Delivery drivers are forced to confront the heat wave head on
Who are they? Delivery drivers all across America who bring your Amazon, UPS and FedEx packages to your front doorstep.
What's the big deal? As several parts of the U.S. are struggling to cope with historically high temperatures, these package delivery drivers are feeling the heat.
What are people saying? Kaye spoke to workers on the ground to hear about their experiences working in these conditions.
Viviana Gonzales, a UPS driver for nearly a decade, who does not have a functioning air conditioner in her truck, and has reported temperatures of up to 150 degrees:
We don't have AC inside the trucks. The fans are just throwing hot air, so all it does is irritate my eyes.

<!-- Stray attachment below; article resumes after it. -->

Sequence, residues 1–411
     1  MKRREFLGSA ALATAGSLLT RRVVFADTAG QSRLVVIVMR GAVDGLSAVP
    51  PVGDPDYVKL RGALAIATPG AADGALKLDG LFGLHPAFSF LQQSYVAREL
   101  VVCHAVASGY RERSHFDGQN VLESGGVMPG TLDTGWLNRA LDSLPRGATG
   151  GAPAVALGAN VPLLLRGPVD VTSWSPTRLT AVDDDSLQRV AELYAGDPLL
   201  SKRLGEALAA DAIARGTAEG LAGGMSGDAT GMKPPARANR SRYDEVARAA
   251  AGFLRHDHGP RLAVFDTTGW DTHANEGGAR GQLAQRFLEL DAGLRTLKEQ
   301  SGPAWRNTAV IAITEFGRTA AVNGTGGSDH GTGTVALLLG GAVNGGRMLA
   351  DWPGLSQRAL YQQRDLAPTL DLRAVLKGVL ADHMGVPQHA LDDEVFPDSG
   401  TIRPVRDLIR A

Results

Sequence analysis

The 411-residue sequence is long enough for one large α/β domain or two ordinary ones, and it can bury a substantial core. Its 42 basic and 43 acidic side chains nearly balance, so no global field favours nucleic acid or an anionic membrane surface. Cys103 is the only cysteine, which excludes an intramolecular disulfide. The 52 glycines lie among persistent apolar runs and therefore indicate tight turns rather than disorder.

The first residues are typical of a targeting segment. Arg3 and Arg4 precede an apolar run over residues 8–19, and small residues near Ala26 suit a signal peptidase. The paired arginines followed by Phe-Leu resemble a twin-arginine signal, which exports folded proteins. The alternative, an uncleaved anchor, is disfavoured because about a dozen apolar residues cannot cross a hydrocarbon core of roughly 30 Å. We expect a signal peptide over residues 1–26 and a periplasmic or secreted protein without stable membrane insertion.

I already probably drank more than a gallon of water, no kidding. Like literally, a whole gallon of water since I started work [five hours ago]
Renica Turner, who works for an Amazon subcontractor called Battle Tested Strategies, or BTS, and worked last year on a 111 degree day:
I didn't feel right. My body was tingling, as if I was going to pass out.
And when she called in about her symptoms, she only received a 20 minute break:
They never sent no one out to help me with the rest of the route. I had to deliver the rest of that, feeling woozy, feeling numb, and just really overwhelmed.
Johnathon Ervin, who owns BTS, and says they were one of Amazon's top performing subcontractors that recently had their contract terminated:
The issue was obviously the drivers, and their complaints, and their hurtling towards unionization due to their treatment.
And on how the lengthy repair process for vans affects his employees:
It's difficult for them. It's insane that we're forced to drive these vehicles.
So, what now?
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